Yes, it’s time once again for “So what file from the textfiles.com collection of sites is getting downloaded the most?”
And apparently, the winner is this little charmer:
He’s extremely popular among the Myspace crowd, and if you think I’m going to link to Myspace, I’d rather eat a jar of thumbtacks. I consider all these social spaces historically important, but they’re not exactly places I wish to always visit.
In case you’re wondering why a site called “textfiles.com” has a picture, it’s because one of the sub-sites covers the artistic work of modem-bound folks throughout the last 30 years, and this is in one of the collections on that sub-site. The site, by the way, is artscene.textfiles.com, because, you know, what I need are more hits.
The “Grim Reaper” by “Razorback” (the name of this piece) has been downloaded over 60,000 times in September alone. That’s in the last 8 days. In August he was downloaded 212,000 times. In July, 150,000, June 118,000 and so on. That’s a heaping bucket of Grim Reaper, let me tell you. And the best part is, he doesn’t even TRACK before April!
So basically, someone found this, linked to it from his site (and by site, I mean myspace page), then others saw it, and THEY linked to it, and probably some unbelievably popular person linked to it from THEIR myspace page, and so we went from about 16,000 within the first month and a half to a quarter of a million downloads within six months. Holy crap!
If anyone’s feeling frisky and wants to let “Razorback” know this thing he drew is now in the browser caches of many tens of thousands of people, go for it.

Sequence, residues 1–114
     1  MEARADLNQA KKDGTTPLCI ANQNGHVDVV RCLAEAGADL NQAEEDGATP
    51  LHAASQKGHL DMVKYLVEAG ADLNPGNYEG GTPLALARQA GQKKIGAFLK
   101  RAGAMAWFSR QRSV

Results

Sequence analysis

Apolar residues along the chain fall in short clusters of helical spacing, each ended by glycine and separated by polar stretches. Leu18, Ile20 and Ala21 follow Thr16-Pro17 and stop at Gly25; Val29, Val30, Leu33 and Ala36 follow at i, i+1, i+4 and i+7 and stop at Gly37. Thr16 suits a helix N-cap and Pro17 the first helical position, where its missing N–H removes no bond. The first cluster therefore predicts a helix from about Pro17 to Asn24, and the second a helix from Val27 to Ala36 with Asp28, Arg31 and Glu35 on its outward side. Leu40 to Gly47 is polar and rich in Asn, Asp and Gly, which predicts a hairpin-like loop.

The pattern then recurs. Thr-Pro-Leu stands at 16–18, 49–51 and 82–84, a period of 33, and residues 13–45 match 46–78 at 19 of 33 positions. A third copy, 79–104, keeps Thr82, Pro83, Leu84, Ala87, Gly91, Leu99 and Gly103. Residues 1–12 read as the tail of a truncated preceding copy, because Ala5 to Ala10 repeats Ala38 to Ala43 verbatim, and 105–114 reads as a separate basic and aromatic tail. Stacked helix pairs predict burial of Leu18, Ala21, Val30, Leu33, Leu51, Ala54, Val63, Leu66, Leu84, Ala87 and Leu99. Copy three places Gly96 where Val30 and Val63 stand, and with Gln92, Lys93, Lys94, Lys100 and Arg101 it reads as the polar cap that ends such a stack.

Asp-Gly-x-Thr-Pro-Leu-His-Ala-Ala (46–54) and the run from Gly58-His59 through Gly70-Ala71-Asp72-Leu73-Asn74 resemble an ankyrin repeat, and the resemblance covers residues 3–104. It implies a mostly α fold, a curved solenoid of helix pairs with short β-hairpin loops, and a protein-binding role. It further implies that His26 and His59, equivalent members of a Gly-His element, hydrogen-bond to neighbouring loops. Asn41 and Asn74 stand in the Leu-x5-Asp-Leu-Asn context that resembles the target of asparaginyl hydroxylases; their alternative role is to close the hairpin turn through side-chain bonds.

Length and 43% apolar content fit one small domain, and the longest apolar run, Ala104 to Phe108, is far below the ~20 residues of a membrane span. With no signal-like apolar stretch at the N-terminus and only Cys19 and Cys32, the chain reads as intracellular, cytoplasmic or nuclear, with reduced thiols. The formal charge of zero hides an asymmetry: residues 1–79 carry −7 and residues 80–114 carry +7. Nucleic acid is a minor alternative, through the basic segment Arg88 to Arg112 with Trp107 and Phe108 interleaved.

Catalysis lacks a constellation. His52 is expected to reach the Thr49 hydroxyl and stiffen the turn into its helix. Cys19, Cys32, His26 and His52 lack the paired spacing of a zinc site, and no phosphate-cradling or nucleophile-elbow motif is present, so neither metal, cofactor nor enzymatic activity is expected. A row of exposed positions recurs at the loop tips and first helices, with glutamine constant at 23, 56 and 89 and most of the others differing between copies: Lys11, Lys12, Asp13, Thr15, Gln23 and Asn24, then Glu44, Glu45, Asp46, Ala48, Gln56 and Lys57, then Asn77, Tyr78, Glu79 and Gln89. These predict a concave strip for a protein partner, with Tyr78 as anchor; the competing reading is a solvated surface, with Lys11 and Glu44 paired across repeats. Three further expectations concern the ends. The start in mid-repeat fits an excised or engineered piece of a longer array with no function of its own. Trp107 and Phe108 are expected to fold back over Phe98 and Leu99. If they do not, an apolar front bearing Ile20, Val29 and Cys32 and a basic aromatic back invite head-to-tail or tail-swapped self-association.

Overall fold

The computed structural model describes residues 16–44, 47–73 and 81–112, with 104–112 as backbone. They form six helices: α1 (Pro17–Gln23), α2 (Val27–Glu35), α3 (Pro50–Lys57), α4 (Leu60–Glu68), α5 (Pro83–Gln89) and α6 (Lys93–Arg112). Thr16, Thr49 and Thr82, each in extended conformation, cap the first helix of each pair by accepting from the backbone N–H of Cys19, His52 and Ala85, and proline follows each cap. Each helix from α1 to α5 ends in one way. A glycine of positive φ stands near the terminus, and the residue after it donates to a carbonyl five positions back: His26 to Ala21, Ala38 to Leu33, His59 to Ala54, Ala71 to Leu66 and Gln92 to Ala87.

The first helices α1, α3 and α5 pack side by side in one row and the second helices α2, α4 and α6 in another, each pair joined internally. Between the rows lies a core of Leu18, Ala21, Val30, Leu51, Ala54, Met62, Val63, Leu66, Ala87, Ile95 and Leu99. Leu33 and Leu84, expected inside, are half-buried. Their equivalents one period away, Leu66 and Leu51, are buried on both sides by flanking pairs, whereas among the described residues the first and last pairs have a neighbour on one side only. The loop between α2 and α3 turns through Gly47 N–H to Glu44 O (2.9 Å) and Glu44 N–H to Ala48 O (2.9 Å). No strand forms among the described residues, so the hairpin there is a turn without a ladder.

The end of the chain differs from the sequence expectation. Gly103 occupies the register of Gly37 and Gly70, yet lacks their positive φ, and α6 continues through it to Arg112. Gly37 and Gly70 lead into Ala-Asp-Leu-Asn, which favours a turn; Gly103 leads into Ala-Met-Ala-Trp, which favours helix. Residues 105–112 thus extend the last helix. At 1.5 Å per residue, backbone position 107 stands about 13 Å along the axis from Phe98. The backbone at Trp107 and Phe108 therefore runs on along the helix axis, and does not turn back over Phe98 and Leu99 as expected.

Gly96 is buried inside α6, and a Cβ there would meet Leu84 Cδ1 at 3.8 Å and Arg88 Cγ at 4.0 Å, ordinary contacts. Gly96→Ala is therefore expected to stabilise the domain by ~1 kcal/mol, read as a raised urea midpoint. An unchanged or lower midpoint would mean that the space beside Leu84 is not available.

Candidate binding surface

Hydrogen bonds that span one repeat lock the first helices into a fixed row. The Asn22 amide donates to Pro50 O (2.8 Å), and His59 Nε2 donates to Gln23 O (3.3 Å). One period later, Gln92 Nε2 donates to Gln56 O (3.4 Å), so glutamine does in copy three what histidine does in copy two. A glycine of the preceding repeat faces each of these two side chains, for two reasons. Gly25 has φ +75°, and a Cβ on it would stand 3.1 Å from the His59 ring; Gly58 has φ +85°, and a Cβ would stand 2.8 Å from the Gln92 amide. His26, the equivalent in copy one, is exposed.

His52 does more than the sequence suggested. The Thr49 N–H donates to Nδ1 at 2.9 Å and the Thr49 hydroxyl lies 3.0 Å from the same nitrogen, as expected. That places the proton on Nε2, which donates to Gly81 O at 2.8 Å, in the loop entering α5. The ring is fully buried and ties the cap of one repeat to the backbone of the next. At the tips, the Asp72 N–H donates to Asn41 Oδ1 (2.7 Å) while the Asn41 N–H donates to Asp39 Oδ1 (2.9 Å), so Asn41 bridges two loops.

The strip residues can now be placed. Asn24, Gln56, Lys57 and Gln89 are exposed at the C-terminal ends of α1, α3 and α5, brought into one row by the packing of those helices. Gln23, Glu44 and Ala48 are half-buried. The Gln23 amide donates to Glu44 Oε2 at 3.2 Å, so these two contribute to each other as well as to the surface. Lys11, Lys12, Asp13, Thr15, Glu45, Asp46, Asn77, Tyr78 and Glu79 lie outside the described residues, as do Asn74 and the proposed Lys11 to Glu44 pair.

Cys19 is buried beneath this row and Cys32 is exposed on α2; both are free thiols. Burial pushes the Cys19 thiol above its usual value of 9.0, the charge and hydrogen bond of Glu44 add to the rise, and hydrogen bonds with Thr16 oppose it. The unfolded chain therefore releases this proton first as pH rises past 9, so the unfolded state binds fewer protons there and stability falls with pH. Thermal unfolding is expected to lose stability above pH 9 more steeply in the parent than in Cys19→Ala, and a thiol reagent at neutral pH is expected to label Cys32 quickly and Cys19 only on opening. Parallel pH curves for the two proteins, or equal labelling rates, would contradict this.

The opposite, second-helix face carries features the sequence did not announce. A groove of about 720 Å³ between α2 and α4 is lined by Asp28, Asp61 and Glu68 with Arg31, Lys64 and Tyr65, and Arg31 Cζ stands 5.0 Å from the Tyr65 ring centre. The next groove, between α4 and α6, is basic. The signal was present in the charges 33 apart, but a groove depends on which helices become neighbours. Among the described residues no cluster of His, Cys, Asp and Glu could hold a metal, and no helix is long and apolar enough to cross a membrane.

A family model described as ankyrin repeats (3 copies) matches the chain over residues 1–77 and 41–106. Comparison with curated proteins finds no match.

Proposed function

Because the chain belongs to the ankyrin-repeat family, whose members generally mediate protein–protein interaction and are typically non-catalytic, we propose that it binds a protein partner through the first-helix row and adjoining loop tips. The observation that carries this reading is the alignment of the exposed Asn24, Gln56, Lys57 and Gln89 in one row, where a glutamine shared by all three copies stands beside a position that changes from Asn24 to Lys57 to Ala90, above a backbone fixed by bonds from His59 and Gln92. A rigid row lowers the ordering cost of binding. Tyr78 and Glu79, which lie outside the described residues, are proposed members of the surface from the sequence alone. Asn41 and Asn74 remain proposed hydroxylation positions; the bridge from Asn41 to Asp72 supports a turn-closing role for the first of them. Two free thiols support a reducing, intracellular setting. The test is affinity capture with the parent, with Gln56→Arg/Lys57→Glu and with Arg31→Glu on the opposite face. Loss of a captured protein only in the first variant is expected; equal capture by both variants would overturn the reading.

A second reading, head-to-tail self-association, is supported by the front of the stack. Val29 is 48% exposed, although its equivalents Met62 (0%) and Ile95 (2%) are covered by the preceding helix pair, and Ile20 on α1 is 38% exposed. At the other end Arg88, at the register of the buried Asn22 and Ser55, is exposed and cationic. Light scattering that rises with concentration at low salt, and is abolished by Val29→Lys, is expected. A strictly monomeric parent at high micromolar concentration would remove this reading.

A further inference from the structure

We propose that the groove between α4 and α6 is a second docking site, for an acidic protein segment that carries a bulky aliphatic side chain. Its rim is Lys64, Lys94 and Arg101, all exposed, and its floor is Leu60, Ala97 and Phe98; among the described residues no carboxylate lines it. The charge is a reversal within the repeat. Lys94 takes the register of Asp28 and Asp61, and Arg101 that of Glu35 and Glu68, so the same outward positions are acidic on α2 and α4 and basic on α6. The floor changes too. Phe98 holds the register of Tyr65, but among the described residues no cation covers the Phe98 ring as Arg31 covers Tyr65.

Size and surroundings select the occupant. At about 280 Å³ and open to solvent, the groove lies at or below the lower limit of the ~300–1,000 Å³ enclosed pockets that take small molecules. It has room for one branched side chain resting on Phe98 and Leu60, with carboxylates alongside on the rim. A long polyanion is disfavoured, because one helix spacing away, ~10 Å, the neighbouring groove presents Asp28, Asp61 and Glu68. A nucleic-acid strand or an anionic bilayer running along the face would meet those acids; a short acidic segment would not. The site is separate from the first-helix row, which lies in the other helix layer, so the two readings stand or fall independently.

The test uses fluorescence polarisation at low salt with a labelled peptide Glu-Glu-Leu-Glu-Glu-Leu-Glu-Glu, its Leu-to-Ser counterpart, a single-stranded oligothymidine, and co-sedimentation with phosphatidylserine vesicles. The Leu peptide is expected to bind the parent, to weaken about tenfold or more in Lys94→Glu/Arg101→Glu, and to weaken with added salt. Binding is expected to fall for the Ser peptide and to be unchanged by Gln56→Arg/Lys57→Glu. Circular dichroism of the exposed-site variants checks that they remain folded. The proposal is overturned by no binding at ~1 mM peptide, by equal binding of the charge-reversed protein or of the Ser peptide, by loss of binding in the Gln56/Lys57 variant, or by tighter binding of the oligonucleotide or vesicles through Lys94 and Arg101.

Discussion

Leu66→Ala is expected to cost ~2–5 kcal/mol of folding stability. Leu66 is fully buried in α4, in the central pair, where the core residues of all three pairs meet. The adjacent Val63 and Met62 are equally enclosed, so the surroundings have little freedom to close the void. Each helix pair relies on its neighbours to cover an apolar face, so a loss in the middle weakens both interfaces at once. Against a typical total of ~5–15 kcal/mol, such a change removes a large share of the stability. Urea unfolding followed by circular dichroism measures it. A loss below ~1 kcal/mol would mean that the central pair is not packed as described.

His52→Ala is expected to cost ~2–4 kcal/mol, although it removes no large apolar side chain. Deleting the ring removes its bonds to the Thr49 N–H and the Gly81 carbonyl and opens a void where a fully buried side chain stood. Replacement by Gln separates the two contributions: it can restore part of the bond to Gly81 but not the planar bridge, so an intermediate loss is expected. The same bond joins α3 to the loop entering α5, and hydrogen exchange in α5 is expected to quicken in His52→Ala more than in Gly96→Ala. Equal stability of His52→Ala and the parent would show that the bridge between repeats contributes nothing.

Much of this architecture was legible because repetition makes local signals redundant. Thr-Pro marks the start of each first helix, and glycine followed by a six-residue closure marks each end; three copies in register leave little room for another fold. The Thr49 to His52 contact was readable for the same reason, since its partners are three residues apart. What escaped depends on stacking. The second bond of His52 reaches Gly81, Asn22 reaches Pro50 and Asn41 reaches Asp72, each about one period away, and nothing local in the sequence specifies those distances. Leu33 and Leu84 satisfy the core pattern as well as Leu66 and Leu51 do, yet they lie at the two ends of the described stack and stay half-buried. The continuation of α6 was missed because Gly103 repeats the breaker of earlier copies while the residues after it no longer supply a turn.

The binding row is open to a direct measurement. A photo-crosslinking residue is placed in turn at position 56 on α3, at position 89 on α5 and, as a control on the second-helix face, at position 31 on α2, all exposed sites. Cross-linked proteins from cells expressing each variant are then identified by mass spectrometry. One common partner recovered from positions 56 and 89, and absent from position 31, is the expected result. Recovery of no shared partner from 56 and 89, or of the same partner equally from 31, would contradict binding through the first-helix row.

Why this one? Why this specific image when even looking in the same directory yields equivalently great work? It’s all very arbitrary. Stuff just gets copied and pasted and we’re done! That’s the magic of the world we’re currently living in. Do these people know about BBSes or that the happy little hourglass jockey they’re linking to is from a history site about them? Not the majority, I’ll bet. It’s just more of the pixels in the big soup of their lives.
And you know, when I was younger, I didn’t understand what part Apple or IBM or Hayes or any of the other forces and people in the greater world affected my BBS days. I didn’t really understand tarriffs or equal access or line qualification or service provider requirements. No, I wanted textfiles. And boy did I get them, sometimes at the price of someone else’s phone codes.
So maybe this is it all coming back to me. It’s my turn to get decontextually sucked dry of my resources for arbitrary and strange reasons. I can live with that.
But watch out, kids! The fun looking guy with the skull in the picture is coming for you next! Get your hard drives ready!
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